• Lynne Melvin

Water Aeration in Winter

Updated: Apr 6

Why Would You Aerate in the Winter?

Typically, the main reason to aerate over the winter months is to overwinter fish. It is critical to maintain Dissolved Oxygen (DO) levels in the lake or pond over the winter months for the fish to survive.

Some species, such as Northern Pike, can survive on 1 to 3 mg/L dissolved oxygen, whereas Trout species require 4-6 mg/L for optimal health.

We answered the question Why is Dissolved Oxygen Important for Ponds, Lakes, and Dugouts? previously in a blog post. Check it out and learn how dissolved oxygen levels affect your body of water.

Stages of Water

There are 4 stages of water, and the higher the stage, the more oxygen the body of water will use. The higher the DO levels going into winter, the better, as the dissolved oxygen reserves can be rapidly depleted depending on the lake or pond’s stage, as explained below.

Organic load in the water body impacts the amount of aeration needed over the winter months. It is associated with the stage of the water. When a lake or pond has a high amount of organics, it will be using a significant amount of dissolved oxygen known as biological oxygen demand (BOD).

Stage 1

Lakes/ponds with excellent water clarity – highly transparent water, often naturally blue or aqua in colour, low suspended solids, and low algae levels present. A healthy population of aquatic species. Visually appealing.

Stage 2

Lakes/ponds are commonly clear but can be murky for short periods of time. Smaller bodies of water and pond will form beds of submerged aquatic plants. Low levels of muck and aquatic growth on the pond/lake floor. An emerging healthy population of aquatic species and good biodiversity.

Stage 3

Lakes/ponds have excessive nutrients, especially nitrogen, ammonia and phosphorous. Established beds of submerged aquatic plants along the shoreline and several yards into the water. Often cloudy, murky water through most of the year. Algae will form as early as June/July and will become progressively more prevalent throughout the summer. Fish kills may take place in summer and winter. Diminishing healthy aquatic species.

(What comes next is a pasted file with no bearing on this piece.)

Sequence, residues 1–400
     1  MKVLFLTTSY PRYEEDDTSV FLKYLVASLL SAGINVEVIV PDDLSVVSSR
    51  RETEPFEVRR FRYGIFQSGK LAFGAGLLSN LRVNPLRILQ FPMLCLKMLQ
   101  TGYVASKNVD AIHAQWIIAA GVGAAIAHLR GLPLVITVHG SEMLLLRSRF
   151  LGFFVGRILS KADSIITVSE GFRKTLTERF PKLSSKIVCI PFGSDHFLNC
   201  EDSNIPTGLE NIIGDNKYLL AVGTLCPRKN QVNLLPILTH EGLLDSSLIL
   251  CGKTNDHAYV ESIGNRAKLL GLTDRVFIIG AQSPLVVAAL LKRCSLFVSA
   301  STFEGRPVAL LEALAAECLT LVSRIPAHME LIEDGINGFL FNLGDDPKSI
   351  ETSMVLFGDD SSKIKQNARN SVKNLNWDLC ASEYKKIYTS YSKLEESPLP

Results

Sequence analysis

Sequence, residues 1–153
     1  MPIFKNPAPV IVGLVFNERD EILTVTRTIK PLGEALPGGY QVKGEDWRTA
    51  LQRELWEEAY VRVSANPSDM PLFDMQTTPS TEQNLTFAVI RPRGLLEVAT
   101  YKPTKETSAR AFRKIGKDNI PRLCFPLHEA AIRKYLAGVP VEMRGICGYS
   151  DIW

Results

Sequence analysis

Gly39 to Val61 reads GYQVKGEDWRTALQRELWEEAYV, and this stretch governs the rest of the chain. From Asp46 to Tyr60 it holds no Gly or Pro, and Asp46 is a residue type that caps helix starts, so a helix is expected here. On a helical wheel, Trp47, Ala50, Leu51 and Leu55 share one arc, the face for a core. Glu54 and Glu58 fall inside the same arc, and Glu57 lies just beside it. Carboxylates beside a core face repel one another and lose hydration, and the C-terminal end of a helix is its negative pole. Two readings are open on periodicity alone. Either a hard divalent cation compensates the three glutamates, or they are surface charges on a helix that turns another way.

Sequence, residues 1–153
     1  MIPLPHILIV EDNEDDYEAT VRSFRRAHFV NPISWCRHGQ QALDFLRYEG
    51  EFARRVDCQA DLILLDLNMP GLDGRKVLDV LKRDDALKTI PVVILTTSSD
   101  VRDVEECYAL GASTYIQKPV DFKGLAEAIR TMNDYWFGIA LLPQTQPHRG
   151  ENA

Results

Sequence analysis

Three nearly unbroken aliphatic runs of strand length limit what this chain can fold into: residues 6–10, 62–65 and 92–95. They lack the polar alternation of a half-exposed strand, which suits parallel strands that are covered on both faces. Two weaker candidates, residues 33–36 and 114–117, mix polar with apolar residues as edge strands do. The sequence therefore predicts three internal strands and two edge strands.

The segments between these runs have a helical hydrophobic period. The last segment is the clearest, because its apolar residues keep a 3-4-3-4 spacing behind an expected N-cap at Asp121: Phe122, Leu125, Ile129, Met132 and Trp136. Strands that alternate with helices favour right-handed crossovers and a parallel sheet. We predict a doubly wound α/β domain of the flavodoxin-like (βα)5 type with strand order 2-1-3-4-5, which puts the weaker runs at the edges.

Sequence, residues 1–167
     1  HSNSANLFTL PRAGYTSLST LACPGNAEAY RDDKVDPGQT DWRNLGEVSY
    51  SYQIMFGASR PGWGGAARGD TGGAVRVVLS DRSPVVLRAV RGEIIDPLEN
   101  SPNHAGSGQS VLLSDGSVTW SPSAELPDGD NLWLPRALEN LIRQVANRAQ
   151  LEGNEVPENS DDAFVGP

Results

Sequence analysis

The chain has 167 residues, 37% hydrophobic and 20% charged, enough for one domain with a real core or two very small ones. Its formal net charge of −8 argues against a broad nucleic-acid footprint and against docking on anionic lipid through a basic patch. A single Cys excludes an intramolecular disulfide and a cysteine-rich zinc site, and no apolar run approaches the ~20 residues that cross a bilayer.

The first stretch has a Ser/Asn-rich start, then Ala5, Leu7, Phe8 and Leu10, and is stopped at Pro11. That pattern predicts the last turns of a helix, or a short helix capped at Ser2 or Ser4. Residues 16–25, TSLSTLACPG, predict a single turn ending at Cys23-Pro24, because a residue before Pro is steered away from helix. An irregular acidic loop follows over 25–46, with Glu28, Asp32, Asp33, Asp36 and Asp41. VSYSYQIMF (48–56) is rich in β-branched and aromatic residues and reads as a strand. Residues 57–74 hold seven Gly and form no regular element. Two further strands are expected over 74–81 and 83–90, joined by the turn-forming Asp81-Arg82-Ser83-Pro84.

Stage 4

Lakes/ponds have an extremely high level of nutrients especially nitrogen, ammonia and phosphorous resulting in cloudy murky water with continuous algal blooms. Excessive aquatic growth is thick and nearly choking out the lake/pond. Fish kills are often during summer and winter.

Aeration & Open Water

The amount of open water is another consideration as this is where the oxygen exchange occurs. Fish need dissolved oxygen to be healthy and as the level of dissolved oxygen drops, so does their survival rate. Keeping a large open water area allows the toxic gasses to escape and dissolved oxygen to enter, keeping the lake well mixed or known as de-stratifying.

De-stratifying the water body or breaking the thermocline (see picture for reference) is also critical.

The mixing releases the build-up of toxic gasses from the bottom of the lake or pond and maintains dissolved oxygen throughout the water column. Fish will naturally migrate to the aerated area, where the fishing will typically be better.

Although aerating through the winter is beneficial to the body of water, please note that it is best not to aerate during the winter if it is unsafe to have open water.

If you choose to aerate during the winter, it is crucial to mark the area and put proper signage in place to warn of the hazards. Firing up aeration early in the spring can be beneficial not only for the aeration benefits but also to remove the ice quickly, which reduces the potential hazard.

Aeration during the summer months will improve water quality, which reduces algae and aquatic weeds and will increase dissolved oxygen. Again, if the water is in a higher stage, the water will require more dissolved oxygen to improve its health. Adding dissolved oxygen to the lake or pond using fine bubble subsurface aeration will prevent fish kills, improve water for livestock consumption, reduce odour, and decrease algae, muck and aquatic growth.